Ricardo Bofill and La Fàbrica: studio in a former cement factory
In 1973 Ricardo Bofill found an abandoned cement factory near Barcelona, and, with his characteristic visionary outlook, decided to convert it into his architecture studio. La Fàbrica now contains a big studio as well as Ricardo Bofill’s home, and is the perfect expression of the Spanish architect’s idea of architectural regeneration.
The first time he saw the cement factory, Ricardo Bofill found himself before a complex of more than 30 silos as well as huge spaces containing machinery. He discovered the existence of 4 kilometres of underground tunnels, mighty reinforced concrete structures that sustained nothing, stairs that climbed up to nowhere: a timeless and now purposeless place that still had a surreal charm about it, with plenty of potential to be transformed into something else.
Ricardo Bofill approached the redevelopment project by eliminating all the subsequent additions to the original construction, which dates back to the start of the 20th century. When Catalonia was first industrialised, new production lines were added to the complex: many parts had been imprisoned and covered over, and the factory had become a layered place, like a city that has been inhabited for centuries. While demonstrating respect for the factory’s historic evolution, Bofill sought to restore a superior harmony, digging in the cement like a sculptor attempting to bring out its form. The addition of architectural elements such as doors, windows and balconies created pathways and perspectives containing a studio, exhibition areas, concert halls and even a private home. The landscaping design now mitigates the brutalist style of the original cement structures.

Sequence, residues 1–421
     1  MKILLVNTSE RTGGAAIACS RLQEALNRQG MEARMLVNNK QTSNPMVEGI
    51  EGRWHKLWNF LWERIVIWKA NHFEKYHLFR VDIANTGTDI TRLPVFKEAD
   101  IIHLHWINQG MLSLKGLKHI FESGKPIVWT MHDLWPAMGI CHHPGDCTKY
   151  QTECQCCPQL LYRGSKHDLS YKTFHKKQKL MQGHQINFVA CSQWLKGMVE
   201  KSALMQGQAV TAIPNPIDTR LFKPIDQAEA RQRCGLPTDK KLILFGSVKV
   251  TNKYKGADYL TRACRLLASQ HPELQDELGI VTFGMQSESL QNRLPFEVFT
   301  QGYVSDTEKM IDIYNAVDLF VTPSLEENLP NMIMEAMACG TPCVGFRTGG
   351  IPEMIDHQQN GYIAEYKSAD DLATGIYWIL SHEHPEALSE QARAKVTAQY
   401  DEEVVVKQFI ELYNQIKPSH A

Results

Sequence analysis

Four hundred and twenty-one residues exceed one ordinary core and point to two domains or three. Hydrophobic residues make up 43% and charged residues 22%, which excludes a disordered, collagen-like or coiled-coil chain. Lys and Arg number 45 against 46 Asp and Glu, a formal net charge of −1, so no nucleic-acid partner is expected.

Why did you decide to convert an abandoned cement factory into your studio? What were you looking for at the time, and what were the qualities you identified in this building in 1973?
Like Catalan traditional workshops where the artisans live and work, I was looking for a place that could accommodate both my private and my professional life, since in my case there is little difference between the two spheres.
The Factory gave me the opportunity to transform a ruin into my studio and my house and to prove that “form does not necessarily follow function”.
On your web site you describe the original building as a series of construction elements without any apparent meaning: “Stairs that climbed up to nowhere, mighty reinforced concrete structures that sustained nothing, pieces of iron hanging in the air, huge empty spaces filled nonetheless with magic”. How much of this surreal atmosphere have you managed to maintain, and how?
I have maintained a great deal of this surreal atmosphere. That was precisely the difficult part of the deconstruction/construction process.
Your fascination with the plant led you to completely change its use and functions. Might we call this your manifesto of architectural regeneration?
Absolutely, I verified that everything can be extracted from a given space. Over the years my team has successfully delivered several projects internationally that involve the repositioning of industrial buildings. We approach the work with a deep respect and sensitivity for their industrial past while undertaking the transformation with efficiency and sustainability criteria in mind.
La Fàbrica now reminds us of Piranesi’s ruins, or the set of a science fiction film. Is there room for sustainability in a project of this kind?
Although improving the energy performance of existing buildings is difficult, both the office and private spaces have been designed to maximize energy efficiency and sustainability.
Project: Ricardo Bofill
Location: Barcelona (Spain)
Gross floor area (office and gardens): 5000 m2
Beginning of work: 1973
End of work: 1975
Photograhy: © Courtesy of Ricardo Bofill Taller de Arquitectura